Petromyzontiformes are the order that Lamprey belongs to. The scientific designation for the Lamprey is Petromyzon Marinus. The combination is translated from Latin, which means “stone sucking.” The name is a reference to Lamprey mouths that have rasping teeth and are surrounded by a rounded, sucker-like plate.
The Agnatha, sometimes known as “jawless fish,” is an extinct order of vertebrates that includes Lamprey. There are approximately 38 recognized varieties of lampreys that are still alive, including five that have gone extinct. Instead of being made of bone, lamprey skeletons are made of robust, malleable ligaments.
Featured Image Credit: Tony Grover
Lamprey is a fish that strongly resemble eels due to its long, snake-like body and smooth, scaleless skin. In actuality, eels and lampreys are not closely related, contrary to the belief. Lampreys reach maturity when they are approximately 14-24 in long and weigh, on average, roughly 5 lbs.
Credit: USFWS Fish and Aquatic Conservation
Both dorsal and lateral regions of their bodies, along with their smooth textured skin, are normally greenish to yellow-brown in appearance, while their bellies generally have a lighter shade. Additionally, there might be very slight black marbling. Since Lamprey bodies are primarily formed of cartilage rather than bones, they are remarkably flexible.
Lamprey larvae consume minute organisms and organic matter that the gills sweep out of the seawater. In the parasitic form, adult Lampreys latch to other species and draw blood through a gash they rip in the host fish using a tough, tongue-like feature located in the center of the mouth plate. They frequently prey on species with thin skin, such as trout, speckled salmon, whitefish, northern pike, and bass, and they will also feed on sharks and rays.
The host fish normally survives the attack and continues to live after the Lampreys have finished feeding on it for a few days. If more than one lamprey is connected to the same fish at once, the host fish may die from diseases that form in the opening. Adult Lampreys who are not parasites do not eat while they are awaiting springtime to reproduce.
In the Northern Hemisphere, Lampreys are indigenous. Along the coasts of both North America and Europe, as well as in the western and northern Atlantic oceans, are regions where you might find them. Additionally, these fish may be spotted in the Black Sea, the western Mediterranean, the Connecticut River area, and around the Great Lakes shorelines.
Credit: Geoff Parsons
Both freshwater and saltwater environments are home to Lampreys at different times of their lifecycle. Lamprey’s kidneys undergo a transformation during their very last transformation from filter-feeders to parasitic, enabling species to penetrate oceans and lakes.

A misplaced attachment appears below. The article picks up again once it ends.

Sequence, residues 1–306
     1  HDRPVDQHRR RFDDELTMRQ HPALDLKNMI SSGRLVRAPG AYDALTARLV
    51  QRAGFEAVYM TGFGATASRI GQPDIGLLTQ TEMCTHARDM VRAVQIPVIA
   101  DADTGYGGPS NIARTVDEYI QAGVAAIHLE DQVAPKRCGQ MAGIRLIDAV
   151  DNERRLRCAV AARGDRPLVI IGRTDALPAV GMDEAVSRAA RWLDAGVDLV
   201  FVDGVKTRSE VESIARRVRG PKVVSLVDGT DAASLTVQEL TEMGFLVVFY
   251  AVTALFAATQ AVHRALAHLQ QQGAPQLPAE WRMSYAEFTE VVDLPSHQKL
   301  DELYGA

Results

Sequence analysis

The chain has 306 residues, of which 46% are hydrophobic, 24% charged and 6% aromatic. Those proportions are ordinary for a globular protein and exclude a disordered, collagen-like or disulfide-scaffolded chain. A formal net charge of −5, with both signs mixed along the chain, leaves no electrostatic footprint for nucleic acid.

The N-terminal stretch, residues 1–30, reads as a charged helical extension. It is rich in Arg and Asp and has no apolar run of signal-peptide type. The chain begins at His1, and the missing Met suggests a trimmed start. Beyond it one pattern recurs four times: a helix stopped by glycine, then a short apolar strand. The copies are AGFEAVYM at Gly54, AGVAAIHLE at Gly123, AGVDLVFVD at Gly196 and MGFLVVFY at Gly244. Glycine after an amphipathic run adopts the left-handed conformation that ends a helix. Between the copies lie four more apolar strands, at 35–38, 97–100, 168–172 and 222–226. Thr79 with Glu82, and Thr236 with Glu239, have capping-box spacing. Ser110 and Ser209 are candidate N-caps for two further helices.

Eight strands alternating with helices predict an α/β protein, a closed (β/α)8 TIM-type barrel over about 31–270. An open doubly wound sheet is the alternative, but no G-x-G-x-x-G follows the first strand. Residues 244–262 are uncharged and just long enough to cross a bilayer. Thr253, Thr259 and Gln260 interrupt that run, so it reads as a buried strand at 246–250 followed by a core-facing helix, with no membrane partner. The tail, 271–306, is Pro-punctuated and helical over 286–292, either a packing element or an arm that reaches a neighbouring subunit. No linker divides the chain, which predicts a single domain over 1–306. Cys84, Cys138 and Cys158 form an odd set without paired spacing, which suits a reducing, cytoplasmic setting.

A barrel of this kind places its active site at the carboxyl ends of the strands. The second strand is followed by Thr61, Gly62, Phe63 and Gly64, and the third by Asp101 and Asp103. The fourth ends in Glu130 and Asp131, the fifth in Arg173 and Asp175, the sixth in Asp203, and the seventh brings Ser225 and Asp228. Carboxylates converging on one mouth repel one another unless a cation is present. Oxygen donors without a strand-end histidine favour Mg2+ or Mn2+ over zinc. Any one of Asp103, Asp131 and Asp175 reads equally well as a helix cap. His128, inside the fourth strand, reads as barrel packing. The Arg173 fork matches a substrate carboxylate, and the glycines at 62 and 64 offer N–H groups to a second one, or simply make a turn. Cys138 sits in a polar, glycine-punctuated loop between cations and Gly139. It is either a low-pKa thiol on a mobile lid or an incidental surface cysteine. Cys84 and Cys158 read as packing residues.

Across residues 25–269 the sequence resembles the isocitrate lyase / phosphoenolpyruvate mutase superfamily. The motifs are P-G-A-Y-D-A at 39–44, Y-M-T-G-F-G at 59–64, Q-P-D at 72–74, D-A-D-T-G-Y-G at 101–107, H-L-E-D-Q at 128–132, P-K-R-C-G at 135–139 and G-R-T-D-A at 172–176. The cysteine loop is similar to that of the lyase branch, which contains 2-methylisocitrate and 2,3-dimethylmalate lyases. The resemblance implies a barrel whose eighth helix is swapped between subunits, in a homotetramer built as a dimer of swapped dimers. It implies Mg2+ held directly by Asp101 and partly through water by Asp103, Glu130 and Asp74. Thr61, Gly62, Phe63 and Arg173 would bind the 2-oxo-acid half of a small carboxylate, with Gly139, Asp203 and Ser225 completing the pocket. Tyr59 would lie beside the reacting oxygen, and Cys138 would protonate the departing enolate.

Mature Lampreys travel to small waterways to reproduce, where they dig narrow trenches behind stones or other obstructions in the deeper, speedy parts of the stream or at the tops of gravelly mounds. They spread out the silt by vibrating their body while simultaneously removing pebbles from the hole with their suction-disc mouths. A single pit must have at least 20 Lampreys for this activity to be done as a group.
The larvae go down after the adults breed and burrow into soft sediment on the bottom to filter feed for 3-6 years before becoming fully mature. Following metamorphosis, some species of Lampreys enter the parasitic stage, whereas other species don’t. After 1 or 2 parasitic stages, the adult migrates to a tiny stream to reproduce. The non-parasitic Lampreys continue to live in the narrow stream and reproduce in the following spring.
Lampreys’ main predators in their natural habitats are bigger fish that can eat and hunt them, like walleye and brown trout. Its numbers are so dangerous because it frequently serves as the top predator in regions where it has infested, like the Great Lakes. However, in the same locations, they are threatened by lampricides, which are chemicals intended to reduce their numbers, as well as other population-control measures.
Credit: Tony Grover
Facts about the Lamprey
- Within the Great Lakes, Lampreys are an invasive species.
- Lampreys are a member of a long-extinct family of jawless fish that existed before dinosaurs.
- The eyes, fins, and teeth of lampreys are absent at birth.
- Lampreys are parasitic organisms.
- Males Lampreys constrict females during reproduction in order to force out eggs.
How old are Lampreys when they reproduce?
Depending on how long each Lamprey spends in the larval and parasitic phases, they can spawn at ages ranging from 4 to 8. A Lamprey can mature into an adult at the age of 3 and reach sexual maturity at the age of 4 after finishing its parasitic stage a year later. If the Lamprey converts after six years and stays a parasite for an additional two years, it can take up to 8 years.
Are Lampreys poisonous?
Consuming these species will have negative effects since the mucus and serum of some lamprey species, including the Caspian Lamprey, River Lampreys, and Sea Lampreys, are known to be poisonous.
Do Lampreys bite humans?
While consumption of Lamprey flesh can be repulsive, in underwater environments, they aren’t remotely interested in biting or harming humans in any meaningful way. There hasn’t been a single record where Lampreys have attacked humans despite their offputting appearance.
What if you fell into a pool of Lampreys?
The average person has 1.3 gallons of blood in their body, so even if only a few cling to you, you’d be able to live. In this hypothetical scenario, it would take the filtering rate of 80-100 Lampreys constantly latched to draw enough blood in a timeframe of 24 hours to have a fatal result. This is entirely unlikely in a natural setting.